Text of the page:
Approximately one out of every three mouthfuls of food or drink that humans consume is made possible by pollinators—insects, birds, and mammals pollinate about 75 percent of all food crops. Industrial beekeepers want consumers to believe that honey is just a byproduct of the necessary pollination provided by honeybees, but honeybees are not as good at pollinating as many truly wild bees, such as bumblebees and carpenter and digger bees. Native bees are active earlier in the spring, both males and females pollinate, and they are unaffected by mites and Africanized bees, which can harm honeybees. But because most species of native bees hibernate for as many as 11 months out of the year and do not live in large colonies, they do not produce massive amounts of honey, and the little that they do produce is not worth the effort required to steal it from them. So although native bees are more effective pollinators, farmers continue to rely on factory-farmed honeybees for pollination so that the honey industry can take in more than 176 million pounds of honey every year, at a value of more than $215 million.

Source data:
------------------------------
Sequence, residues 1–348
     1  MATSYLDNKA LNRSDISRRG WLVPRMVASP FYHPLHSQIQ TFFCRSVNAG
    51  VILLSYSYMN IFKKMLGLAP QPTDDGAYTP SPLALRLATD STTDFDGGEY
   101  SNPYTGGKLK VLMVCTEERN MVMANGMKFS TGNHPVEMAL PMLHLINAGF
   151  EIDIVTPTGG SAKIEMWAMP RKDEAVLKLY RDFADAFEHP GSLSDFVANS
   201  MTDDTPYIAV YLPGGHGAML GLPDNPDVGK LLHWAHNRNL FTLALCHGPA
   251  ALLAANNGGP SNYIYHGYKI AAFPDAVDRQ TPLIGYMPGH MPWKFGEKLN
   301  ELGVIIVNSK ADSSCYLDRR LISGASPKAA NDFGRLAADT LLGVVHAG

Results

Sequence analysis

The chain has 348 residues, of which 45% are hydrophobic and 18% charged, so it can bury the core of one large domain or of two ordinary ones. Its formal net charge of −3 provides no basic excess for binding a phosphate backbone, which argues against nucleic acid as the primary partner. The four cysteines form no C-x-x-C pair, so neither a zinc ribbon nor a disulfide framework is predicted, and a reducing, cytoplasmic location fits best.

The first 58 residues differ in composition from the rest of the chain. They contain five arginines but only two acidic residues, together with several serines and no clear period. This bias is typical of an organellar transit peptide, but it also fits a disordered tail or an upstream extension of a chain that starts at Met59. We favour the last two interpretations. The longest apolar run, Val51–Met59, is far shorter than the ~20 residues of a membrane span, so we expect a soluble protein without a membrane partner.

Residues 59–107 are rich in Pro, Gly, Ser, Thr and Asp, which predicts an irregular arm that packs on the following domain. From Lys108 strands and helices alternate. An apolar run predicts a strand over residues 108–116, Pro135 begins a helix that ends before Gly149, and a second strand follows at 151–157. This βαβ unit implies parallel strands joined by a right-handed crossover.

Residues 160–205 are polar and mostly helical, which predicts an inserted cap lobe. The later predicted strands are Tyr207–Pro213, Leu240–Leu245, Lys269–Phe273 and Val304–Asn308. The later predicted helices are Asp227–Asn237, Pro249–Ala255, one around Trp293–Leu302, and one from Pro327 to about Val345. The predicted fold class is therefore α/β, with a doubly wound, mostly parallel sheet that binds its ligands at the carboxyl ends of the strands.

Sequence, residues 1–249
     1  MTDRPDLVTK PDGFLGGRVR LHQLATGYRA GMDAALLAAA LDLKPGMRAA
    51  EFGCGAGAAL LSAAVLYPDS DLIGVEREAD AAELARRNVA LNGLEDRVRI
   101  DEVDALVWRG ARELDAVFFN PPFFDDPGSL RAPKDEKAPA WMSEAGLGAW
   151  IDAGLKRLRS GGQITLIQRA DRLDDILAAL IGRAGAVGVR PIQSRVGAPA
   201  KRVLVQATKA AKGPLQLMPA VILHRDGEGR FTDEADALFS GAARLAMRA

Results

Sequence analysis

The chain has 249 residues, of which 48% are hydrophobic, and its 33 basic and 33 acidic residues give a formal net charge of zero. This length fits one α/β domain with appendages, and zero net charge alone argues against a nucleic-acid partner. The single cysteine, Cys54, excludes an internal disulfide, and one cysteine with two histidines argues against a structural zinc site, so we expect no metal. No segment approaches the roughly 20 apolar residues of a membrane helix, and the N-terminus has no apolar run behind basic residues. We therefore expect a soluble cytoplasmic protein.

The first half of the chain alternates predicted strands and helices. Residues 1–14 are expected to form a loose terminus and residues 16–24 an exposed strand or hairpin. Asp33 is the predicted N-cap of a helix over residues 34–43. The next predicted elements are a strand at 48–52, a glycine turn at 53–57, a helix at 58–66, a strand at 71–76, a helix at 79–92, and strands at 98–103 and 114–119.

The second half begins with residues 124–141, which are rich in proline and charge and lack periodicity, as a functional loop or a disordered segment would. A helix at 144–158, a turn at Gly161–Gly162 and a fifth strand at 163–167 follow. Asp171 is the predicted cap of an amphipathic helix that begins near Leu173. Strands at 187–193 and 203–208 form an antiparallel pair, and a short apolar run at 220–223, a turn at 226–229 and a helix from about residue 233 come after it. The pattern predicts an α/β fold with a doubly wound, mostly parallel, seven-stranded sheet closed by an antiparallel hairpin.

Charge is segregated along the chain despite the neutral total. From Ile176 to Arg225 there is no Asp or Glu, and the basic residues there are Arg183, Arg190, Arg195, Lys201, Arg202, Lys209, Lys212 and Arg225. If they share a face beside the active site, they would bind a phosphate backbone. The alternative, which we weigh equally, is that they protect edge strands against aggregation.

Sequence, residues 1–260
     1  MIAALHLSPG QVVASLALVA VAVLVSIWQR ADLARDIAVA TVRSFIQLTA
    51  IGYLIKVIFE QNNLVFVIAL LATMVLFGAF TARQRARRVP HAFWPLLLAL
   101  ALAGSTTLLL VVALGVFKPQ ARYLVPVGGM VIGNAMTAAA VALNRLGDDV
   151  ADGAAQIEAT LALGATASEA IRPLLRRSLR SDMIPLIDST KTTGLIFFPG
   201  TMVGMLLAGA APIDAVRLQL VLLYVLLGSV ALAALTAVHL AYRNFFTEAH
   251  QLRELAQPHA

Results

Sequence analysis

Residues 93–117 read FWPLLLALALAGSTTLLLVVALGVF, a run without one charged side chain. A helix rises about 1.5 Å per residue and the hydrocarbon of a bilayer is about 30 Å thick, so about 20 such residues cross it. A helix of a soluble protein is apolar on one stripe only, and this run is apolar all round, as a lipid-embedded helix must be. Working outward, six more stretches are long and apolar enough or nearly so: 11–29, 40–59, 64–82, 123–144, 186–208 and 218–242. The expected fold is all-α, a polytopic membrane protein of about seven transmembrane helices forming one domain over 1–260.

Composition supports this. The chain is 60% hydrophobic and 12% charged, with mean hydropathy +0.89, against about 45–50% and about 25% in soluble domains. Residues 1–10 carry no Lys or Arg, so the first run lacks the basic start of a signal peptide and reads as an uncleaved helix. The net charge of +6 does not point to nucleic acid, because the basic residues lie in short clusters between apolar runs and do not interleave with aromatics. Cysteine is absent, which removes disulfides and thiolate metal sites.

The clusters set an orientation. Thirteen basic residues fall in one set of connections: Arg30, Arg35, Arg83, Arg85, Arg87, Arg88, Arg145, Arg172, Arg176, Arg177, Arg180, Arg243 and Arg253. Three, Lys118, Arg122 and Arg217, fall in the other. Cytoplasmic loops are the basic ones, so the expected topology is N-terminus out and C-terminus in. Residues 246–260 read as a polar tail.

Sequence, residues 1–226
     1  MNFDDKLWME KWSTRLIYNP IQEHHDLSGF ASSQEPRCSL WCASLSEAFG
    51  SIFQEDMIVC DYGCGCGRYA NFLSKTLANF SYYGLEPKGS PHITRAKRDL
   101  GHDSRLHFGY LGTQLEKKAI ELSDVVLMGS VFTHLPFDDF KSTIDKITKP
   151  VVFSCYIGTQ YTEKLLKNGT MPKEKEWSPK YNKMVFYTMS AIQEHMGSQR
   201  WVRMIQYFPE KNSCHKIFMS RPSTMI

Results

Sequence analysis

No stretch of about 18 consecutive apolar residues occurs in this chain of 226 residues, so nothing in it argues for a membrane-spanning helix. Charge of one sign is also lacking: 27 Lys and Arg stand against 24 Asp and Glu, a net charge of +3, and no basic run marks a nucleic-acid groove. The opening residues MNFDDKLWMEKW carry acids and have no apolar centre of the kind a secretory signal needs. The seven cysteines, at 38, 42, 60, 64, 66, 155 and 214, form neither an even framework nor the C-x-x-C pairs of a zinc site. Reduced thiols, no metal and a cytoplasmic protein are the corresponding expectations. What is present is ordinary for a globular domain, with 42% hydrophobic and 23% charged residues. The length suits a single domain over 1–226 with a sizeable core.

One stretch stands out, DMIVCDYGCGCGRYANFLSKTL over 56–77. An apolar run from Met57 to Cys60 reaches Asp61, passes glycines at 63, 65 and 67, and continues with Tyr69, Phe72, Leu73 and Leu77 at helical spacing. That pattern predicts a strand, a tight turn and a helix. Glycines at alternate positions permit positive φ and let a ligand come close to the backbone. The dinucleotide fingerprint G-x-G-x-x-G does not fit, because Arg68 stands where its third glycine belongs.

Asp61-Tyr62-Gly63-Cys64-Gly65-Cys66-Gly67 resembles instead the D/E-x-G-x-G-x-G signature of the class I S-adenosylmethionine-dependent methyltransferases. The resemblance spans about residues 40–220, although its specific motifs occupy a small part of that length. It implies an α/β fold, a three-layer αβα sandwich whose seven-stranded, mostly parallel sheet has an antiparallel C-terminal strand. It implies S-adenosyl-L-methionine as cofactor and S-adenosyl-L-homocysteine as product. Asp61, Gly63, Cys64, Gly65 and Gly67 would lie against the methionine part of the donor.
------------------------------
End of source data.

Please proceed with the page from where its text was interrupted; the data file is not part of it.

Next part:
Manipulating Nature
Profiting from honey requires the manipulation and exploitation of the insects’ desire to live and protect their hive. Like other factory-farmed animals, honeybees are victims of unnatural living conditions, genetic manipulation, and stressful transportation.



The familiar white box that serves as a beehive has been around since the mid-1850s and was created so that beekeepers could move the hives from place to place. The New York Times reported that bees have been “moved from shapes that accommodated their own geometry to flat-topped tenements, sentenced to life in file cabinets.”


Since “swarming” (the division of the hive upon the birth of a new queen) can cause a decline in honey production, beekeepers do what they can to prevent it, including clipping the wings of a new queen, killing and replacing an older queen after just one or two years, and confining a queen who is trying to begin a swarm. Queens are artificially inseminated using drones, who are killed in the process.  Commercial beekeepers also “trick” queens into laying more eggs by adding wax cells to the hive that are larger than those that worker bees would normally build.


Since late 2006, farmed honeybee populations have succumbed yearly to a disease called “colony collapse disorder.” Although scientists have yet to find a cause, the U.S. Department of Agriculture says researchers continue to focus on key possibilities that include “bee management stress,” “pesticide poisoning,” and “inadequate forage/poor nutrition.”